Asian Shares Up, However Muted by Trump Threats Over Newest U.S. Stimulus Measures

© Reuters.

By Gina Lee – Asia Pacific stocks were up on Wednesday morning, with gains muted after U.S. President Donald Trump said he is asking Congress to amend a COVID-19 bill passed by both the House of Representatives and the Senate on Monday.

Japan’s edged up 0.12% by 10:02 PM ET (3:02 AM GMT). The Bank of Japan released its October monetary policy meeting minutes earlier in the day, in which a member expressed concern that “deflation might take hold” if COVID-19 spreads again and pushes down economic activity, so this “possibly warranted attention” in guiding monetary policy.

South Korea’s rose 0.61%.

In Australia, the gained 0.54%. The cluster of COVID-19 cases in Sydney’s Northern Beaches area grew to 97, and authorities extended the current lockdown will be extended over the Christmas holidays to curb the spread of the virus in the city.

Decisions on the lockdown in terms of New Year’s Eve celebrations and upcoming sporting events will be made after Christmas, New South Wales state Premier Gladys Berejiklian said.

Hong Kong’s inched up 0.07%. China’s was up 0.45% and the rose 0.72%.

Trump said on Tuesday that he may not sign the COVID-19 bill, calling it an unsuitable “disgrace.” Although he stopped short of threatening to veto the legislation, he asked to be sent a “suitable bill or else the next administration will have to deliver a COVID-19 relief package.”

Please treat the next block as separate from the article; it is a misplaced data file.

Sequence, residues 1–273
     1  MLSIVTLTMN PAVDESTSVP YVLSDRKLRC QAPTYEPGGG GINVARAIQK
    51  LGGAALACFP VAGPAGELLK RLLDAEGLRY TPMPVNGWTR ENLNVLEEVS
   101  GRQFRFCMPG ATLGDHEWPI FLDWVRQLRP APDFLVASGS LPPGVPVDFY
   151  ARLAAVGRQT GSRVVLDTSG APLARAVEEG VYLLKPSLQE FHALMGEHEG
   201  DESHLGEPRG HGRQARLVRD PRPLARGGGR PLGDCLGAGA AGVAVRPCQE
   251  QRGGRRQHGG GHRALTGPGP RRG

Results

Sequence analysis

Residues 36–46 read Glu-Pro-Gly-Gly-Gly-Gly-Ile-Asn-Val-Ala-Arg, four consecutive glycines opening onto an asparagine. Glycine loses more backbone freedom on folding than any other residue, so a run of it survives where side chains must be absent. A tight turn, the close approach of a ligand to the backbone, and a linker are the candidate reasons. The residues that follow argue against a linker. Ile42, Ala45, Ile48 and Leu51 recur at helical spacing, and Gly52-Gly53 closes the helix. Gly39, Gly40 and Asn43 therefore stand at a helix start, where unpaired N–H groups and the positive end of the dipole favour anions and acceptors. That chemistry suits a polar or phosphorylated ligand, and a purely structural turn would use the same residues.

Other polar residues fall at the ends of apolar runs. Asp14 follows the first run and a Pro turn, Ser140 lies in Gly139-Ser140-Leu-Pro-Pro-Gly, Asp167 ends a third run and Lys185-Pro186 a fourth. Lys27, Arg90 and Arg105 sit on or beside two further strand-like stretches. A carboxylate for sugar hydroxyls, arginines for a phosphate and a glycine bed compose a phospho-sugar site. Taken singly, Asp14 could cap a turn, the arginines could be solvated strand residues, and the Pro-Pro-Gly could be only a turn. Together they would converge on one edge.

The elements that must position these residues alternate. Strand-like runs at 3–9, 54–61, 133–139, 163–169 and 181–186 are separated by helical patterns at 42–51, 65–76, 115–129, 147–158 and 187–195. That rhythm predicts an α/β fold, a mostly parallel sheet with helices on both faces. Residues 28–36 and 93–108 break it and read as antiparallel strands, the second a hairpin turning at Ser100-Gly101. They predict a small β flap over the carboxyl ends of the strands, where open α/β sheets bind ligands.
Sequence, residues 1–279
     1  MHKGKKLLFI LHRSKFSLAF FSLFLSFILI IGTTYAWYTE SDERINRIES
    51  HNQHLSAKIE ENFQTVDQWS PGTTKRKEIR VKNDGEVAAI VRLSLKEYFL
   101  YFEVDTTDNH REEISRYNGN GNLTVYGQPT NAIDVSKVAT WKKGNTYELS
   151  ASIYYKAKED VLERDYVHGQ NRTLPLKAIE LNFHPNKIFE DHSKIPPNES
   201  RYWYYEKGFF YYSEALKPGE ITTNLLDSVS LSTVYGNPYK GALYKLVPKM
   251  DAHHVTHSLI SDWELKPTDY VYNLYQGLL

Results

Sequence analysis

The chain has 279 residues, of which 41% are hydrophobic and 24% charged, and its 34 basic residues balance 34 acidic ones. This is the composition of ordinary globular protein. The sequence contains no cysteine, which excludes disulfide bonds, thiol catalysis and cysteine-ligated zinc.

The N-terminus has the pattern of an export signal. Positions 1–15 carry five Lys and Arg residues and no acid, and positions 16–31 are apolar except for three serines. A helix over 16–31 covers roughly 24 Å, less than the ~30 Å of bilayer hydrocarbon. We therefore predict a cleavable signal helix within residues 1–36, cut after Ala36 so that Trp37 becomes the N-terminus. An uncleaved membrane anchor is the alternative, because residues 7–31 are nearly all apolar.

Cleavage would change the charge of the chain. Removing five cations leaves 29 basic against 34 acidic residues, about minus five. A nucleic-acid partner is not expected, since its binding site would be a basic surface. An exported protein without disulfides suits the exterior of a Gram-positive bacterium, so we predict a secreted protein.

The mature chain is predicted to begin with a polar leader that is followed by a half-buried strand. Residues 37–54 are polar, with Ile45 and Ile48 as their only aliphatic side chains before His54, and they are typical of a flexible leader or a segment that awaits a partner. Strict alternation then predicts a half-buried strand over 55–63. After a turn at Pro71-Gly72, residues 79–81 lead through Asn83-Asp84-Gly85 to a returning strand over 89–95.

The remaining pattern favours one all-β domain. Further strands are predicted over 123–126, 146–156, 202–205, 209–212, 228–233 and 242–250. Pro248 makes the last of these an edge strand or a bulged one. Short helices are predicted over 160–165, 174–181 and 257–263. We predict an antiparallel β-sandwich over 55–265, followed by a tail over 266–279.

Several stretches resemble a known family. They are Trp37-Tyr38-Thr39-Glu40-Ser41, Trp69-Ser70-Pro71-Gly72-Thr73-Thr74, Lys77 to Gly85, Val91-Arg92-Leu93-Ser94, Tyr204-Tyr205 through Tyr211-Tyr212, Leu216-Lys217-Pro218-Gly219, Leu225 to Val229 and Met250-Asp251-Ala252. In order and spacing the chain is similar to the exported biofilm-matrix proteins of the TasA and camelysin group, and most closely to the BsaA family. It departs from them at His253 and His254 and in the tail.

Although Trump’s threat could delay the deployment of stimulus checks to Americans who are struggling amid the pandemic, President-elect Joe Biden said his administration will put forward another COVID-19 relief package early next year. Biden warned that the “darkest days in the battle against COVID-19 are ahead of us.”

Some investors were surprised at the reaction to the news of the bill’s passage.

“It’s interesting to note the very muted response from investors globally to the U.S. stimulus package. It doesn’t seem to be the magic bullet investors once thought it was,” CMC Markets Chief Markets Strategist Michael McCarthy told Reuters.

Meanwhile, the new B.1.1.7 strain of the COVID-19 virus that was first recorded in the U.K. and the rollout of COVID- vaccines, continue to feature on investors’ radars.

The B.1.1.7 strain has already seen London and southeastern England put under Tier 4 lockdowns and caused travel chaos, with more than 40 countries shutting their borders to the U.K. The Philippines banned all U.K. flights from Dec. 24 earlier in the day. The U.K. government is also under pressure as it works towards reaching a post-Brexit trade deal with the European Union (EU). The EU has rejected U.K. Prime Minister Boris Johnson’s latest concessions on fishing rights.

A recent global stocks rally was already looking fragile after seeing a record high during the previous week, and the recent developments have added fresh jitters.

“This is yet another catalyst to inspire people to cash out,” DailyFX strategist Ilya Spivak told Bloomberg.

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